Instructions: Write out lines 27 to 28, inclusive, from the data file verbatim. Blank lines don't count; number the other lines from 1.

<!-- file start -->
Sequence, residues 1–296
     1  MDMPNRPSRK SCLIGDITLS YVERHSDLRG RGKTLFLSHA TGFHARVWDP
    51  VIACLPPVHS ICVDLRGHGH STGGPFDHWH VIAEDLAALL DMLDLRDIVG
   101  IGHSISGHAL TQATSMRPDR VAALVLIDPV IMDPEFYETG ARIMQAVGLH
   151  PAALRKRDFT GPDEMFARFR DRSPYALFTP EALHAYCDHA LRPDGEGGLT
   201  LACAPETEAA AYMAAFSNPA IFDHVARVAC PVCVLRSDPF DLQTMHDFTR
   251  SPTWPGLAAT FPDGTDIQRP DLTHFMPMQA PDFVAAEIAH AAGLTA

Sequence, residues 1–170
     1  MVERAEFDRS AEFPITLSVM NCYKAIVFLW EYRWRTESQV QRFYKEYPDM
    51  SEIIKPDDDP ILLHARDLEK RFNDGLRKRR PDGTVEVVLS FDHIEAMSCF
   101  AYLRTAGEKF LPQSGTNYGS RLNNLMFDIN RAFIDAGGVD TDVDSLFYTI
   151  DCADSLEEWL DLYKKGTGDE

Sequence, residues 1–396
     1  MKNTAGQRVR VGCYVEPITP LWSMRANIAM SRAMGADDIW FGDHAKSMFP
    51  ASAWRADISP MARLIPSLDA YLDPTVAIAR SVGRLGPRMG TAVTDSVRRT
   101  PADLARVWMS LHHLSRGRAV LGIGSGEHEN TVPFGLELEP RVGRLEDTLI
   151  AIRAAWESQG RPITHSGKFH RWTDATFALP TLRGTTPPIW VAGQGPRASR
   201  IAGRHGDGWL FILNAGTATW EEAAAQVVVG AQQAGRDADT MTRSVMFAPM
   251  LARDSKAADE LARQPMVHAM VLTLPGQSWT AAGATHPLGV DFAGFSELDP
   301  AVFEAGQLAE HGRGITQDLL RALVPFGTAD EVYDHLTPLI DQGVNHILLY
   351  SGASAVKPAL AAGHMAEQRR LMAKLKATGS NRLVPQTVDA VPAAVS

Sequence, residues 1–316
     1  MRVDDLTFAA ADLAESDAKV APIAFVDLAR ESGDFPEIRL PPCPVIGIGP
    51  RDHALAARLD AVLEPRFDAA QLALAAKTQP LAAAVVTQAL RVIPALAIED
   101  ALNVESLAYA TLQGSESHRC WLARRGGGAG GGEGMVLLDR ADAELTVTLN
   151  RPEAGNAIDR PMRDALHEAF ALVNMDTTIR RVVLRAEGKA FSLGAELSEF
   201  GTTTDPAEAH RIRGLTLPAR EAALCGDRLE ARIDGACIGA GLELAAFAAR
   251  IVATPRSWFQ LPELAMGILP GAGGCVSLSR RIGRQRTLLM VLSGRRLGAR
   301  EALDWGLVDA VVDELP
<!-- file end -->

   201  GTTTDPAEAH RIRGLTLPAR EAALCGDRLE ARIDGACIGA GLELAAFAAR
   251  IVATPRSWFQ LPELAMGILP GAGGCVSLSR RIGRQRTLLM VLSGRRLGAR